Church as an institution makes me sick very often but i got my own relationship with God. And watching this movie i tried enough to distant myself from the sensitive issues and to look close on what it means journalism in pure form. Those dedicated people won the 2003 Pulitzer Prize in Public Service for the Spotlight reportin team's articles on the church sex abuse cover-up. The cast was very well assambled. 8.5/10
Cinematically it may lack -as is the case wth the Hollywood canon- stylistic innovation. Yet in terms of the benchmark it sets for itself it delivers a nicely scripted story based on actual events and manages to dive into the abyss of child sexual abuse without maudlin or didactic intentions. With a great Ketaon the acting of the entire ensemble is up to the task in this film of interiors (spatial and psychological).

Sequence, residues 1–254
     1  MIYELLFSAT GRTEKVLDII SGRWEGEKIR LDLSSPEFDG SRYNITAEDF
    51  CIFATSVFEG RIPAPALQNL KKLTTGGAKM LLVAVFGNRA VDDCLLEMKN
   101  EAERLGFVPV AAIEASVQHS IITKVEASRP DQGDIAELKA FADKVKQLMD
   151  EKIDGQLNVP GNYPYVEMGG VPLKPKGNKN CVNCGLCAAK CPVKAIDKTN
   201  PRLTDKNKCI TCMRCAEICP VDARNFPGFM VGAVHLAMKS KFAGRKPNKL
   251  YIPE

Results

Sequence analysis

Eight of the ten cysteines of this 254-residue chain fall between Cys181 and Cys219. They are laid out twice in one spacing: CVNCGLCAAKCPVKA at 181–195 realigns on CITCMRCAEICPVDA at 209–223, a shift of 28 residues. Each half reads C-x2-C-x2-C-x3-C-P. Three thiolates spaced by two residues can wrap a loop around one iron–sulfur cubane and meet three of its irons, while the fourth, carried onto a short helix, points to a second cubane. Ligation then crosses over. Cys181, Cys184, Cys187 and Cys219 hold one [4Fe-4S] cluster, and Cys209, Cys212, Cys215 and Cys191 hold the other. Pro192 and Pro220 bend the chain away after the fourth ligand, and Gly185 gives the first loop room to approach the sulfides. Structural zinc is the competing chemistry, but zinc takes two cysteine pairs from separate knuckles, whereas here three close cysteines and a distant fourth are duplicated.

While I have my issues with the general aesthetics of Spotlight, that often looks and sounds more like a TV show than a film, the script is so slick and tight that that almost doesn't matter. A well-oiled machine telling an important story in a competent and engaging way, through compelling fast-talk dialogue and some excellent, albeit sometimes scenery chewing, performances.
The characters - a bunch of papercut figures - do nothing else but delivering information on the case against the church, and their moral center - Mark Ruffallo - does nothing but the "good man's horrified expression in face of unnamable evil" for the whole length of this waste of time.
Quite low-key and formulaic, yet gripping because of the gravity of the story unfolding, exposing the sins of institutionalized religion (yet not disrespecting faith itself). Would have been stronger if it engaged the psychology of the perpetrators more (for example, the molester who was raped interviewed by Sasha, was not really followed-up on).